Grit Blogs > Cultivating a Dream

The Fruit Tree Man

It was the dead of winter. A good foot of snow lay on the ground—the first in over a decade. Tom and I were to meet the forest management guy to look over the property and come up with a plan. Our plan included lowering the property taxes.

We’d never been to the property in the winter. Always when we traveled there, lightening bugs floated on humid summer breezes.

Although the land was bare, we planned and dreamed of what would grow on our farm. Cultivating our dream.

I longed for an orchard because there’s something romantic about it. I pictured myself walking under tall, green trees, heavy with fruit, meeting Snow White’s singing birds. I’d stop, reach up and grab a perfect peach, juicy and sweet. A bird would land on my arm. And I’d smile, knowing God and I had accomplished something extraordinary together.

A bird in a tree 

Anxious to get our orchard growing, we decided to meet a local grower to see if we could plant the trees, water them and then leave them for a few weeks or a month. 

We met the farmer at his place blanketed by snow.

A large man wearing obligatory overalls, he viewed us through the eyes of generations of farming experience. A lens that captured our ignorant enthusiasm.

“So, when you plant the trees, you dig a hole…,” I hoped for detailed information.

“Yep, you dig a big old hole.” His toothpick shifted to the other side of his mouth.

I tossed the proverbial conversation ball back in his court. “And, you water it, right?”

The toothpick shifted furiously. His eyes squinted.

“Yes, ma’am, you do water the trees.”

We’ve held off on the orchard for now. Something tells me we’re not ready for trees and holes and watering.

But one day we will be.

Soon, I hope.

What about you? We’re right in between zones in NC near the VA border. What kinds of fruit trees have worked for you? Any particular brand that holds up better than others?

valkenfarms
3/21/2016 9:09:54 AM

Good day all, I've been growing fruit for a long time...my first orchards was pre internet..just old books and a shovel :) The point is....there is so much information out there...but its is as simple as dig a hole and plant a tree....some consideration for cherries and peaches....( they like a high spot..no standing water...) Its more important to select what type of tree your growing for...dwarf semi dwarf or full size depends on the root stock gafted to the tree..the look of the trees you order is important too...a 5/8 whip is prefered tree for planting...type of production your after...Comerical orchards grow and train trees differently then permaculture.... Or homestead harvest.... It's amazing to grow a fruit tree....this spring we set an additional 25 trees...all heirloom...the main orchards will be heairloim and gafted trees from our area ...trees over 100 years old to fill the commercial orchards...we went strictly heartage/ heirloom as our farm was established in 1850....:) best place for info is a doctor Robinson...he teaches new tall spindle Apple orchards....its a great platform to start from....YouTube..:) have a great spring and enjoy the journey...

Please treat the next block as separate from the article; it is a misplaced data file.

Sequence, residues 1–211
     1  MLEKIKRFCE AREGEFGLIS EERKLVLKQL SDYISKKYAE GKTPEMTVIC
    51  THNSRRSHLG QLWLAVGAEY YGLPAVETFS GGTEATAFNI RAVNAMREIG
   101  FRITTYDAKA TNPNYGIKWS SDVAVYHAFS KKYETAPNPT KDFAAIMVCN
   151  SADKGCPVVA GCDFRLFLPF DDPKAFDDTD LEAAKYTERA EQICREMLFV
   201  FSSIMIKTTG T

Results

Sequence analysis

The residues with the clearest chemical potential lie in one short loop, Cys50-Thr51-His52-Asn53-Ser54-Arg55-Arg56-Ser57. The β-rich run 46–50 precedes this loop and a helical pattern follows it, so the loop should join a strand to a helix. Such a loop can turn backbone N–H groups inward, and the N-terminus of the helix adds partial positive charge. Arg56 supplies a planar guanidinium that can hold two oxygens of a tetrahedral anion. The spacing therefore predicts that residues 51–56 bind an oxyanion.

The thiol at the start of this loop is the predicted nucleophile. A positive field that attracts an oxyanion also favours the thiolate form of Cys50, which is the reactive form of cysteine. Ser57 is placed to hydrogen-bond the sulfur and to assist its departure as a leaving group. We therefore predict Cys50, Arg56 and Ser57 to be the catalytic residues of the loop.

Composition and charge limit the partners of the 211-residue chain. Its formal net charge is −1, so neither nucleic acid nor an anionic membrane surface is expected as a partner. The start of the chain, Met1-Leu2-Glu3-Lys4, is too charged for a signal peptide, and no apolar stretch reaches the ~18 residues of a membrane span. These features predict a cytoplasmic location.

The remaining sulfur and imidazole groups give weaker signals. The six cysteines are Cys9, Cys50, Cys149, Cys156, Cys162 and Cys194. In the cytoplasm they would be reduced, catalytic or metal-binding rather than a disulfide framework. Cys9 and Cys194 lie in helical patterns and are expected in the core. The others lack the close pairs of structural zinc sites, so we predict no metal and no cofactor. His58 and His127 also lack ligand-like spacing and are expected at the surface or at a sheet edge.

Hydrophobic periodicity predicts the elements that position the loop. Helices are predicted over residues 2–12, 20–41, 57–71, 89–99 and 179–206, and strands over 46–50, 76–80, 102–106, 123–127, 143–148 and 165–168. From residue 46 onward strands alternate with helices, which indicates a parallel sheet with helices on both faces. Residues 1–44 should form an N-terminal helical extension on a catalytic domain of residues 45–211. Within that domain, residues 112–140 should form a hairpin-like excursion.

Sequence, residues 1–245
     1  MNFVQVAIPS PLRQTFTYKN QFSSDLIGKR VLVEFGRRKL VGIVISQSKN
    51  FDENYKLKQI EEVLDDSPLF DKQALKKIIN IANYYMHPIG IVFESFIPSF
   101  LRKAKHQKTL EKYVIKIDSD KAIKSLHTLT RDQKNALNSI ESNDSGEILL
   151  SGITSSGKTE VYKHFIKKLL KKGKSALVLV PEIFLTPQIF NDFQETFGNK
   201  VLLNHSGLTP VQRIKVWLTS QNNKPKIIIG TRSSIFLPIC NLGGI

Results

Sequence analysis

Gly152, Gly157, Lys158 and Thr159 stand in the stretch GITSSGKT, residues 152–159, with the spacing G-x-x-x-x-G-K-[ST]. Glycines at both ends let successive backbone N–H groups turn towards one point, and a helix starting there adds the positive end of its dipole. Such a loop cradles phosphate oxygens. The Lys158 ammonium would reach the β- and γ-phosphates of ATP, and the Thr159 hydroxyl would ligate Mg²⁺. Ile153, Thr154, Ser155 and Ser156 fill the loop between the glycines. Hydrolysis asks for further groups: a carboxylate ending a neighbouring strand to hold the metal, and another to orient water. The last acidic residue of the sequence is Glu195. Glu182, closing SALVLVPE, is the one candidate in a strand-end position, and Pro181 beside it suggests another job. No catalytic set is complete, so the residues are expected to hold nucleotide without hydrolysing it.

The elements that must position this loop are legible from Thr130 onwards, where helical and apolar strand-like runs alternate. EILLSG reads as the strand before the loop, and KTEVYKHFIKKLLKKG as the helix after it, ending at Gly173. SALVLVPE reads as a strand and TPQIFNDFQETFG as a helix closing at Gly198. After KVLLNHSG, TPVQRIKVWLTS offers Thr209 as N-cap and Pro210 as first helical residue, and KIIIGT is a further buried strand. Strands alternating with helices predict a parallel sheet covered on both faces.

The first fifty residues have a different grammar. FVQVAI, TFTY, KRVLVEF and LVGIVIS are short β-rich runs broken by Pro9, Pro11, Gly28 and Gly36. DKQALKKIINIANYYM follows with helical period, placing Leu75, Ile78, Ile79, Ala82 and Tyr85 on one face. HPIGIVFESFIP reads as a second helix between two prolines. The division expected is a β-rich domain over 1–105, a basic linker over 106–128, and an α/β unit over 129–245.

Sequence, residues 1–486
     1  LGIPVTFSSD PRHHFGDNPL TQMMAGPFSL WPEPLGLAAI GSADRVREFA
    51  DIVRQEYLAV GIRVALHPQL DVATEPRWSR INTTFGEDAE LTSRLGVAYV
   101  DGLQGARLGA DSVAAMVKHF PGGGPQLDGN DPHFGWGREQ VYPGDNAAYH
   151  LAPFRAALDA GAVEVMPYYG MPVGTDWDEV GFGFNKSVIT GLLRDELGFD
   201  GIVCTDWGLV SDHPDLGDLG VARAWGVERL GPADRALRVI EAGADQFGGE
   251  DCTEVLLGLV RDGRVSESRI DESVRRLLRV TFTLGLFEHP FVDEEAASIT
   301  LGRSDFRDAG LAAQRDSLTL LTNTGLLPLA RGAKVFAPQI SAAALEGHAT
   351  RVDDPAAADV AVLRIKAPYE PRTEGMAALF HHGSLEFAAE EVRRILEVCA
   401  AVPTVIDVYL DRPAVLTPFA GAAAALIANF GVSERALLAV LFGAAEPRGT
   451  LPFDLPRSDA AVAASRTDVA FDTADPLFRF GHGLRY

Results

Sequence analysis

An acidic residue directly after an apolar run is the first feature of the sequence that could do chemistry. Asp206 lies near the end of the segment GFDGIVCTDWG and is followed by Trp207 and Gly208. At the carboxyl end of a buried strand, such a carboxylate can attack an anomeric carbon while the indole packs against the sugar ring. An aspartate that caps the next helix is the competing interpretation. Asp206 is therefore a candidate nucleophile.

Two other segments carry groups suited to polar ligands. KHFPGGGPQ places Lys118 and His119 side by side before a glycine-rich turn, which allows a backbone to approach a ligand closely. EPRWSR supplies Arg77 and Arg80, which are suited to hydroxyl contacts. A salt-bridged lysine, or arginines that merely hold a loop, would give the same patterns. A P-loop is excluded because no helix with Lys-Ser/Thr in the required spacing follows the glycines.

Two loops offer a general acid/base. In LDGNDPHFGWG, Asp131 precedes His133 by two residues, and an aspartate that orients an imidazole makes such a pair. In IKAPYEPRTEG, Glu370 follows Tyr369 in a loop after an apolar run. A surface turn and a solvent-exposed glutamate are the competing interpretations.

josephs
3/20/2016 5:54:40 PM

I live in Person County. We have had good success with Blueberries. i have several apple trees, but have had limited success. Seems the frost gets them one year and the next it's too dry. We get enough apples usually for our own needs, but that is all. I also have had good success with grape vines.i wish you well.


pauline hylton
2/1/2013 2:42:19 PM

Thanks for sharing that, Dave! We are thinking of beginning with 10-20 trees but are trying to learn about cross-pollination.


nebraska dave
1/29/2013 2:30:50 PM

Pauline, I would suggest you hit a reputable nursery in your area. One that really looks past the vegetable flowers and has expertise in trees and shrubs. Maybe the county extention agency can steer you in the right direction. Extention agency's have websites that are filled with great information. To find yours go to http://www.ces.ncsu.edu/local-county-center/ and click on your county. I'm really not much of a tree guy but I have many wonderful memories of the orchard that my grand parents had on their farm. Those trees of course are long gone but the memories live on. My area will support mostly apples and cherries but on any given year the last frost date will be early enough to allow the peach trees to produce their luscious fruits. It didn't happen but once every few years but when the peaches came in they were abundant. Have a great day planning your orchard. It will last a life time.